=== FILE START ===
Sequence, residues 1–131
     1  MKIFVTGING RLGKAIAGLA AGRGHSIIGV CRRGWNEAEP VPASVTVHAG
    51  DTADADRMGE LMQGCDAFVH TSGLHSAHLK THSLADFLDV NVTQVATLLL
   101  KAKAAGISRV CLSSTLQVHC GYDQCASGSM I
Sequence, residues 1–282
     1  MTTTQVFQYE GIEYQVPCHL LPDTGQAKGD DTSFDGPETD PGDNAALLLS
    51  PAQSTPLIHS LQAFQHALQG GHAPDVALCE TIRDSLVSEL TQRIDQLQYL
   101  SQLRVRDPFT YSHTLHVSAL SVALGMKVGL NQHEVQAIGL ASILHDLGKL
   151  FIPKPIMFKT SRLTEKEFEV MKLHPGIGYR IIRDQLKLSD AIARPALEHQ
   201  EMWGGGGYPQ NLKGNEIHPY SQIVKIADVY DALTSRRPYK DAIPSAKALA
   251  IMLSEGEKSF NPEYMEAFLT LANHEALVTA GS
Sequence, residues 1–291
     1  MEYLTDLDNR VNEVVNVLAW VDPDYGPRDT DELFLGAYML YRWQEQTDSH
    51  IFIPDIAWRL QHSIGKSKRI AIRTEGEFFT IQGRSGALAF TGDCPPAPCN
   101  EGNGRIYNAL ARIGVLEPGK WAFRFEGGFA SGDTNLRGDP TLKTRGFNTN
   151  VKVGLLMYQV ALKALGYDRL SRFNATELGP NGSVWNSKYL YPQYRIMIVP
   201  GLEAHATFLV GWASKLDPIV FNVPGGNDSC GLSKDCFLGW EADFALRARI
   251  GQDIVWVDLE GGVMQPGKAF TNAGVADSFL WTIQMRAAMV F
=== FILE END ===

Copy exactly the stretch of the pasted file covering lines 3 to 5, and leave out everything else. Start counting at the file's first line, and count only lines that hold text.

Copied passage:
    51  DTADADRMGE LMQGCDAFVH TSGLHSAHLK THSLADFLDV NVTQVATLLL
   101  KAKAAGISRV CLSSTLQVHC GYDQCASGSM I
Sequence, residues 1–282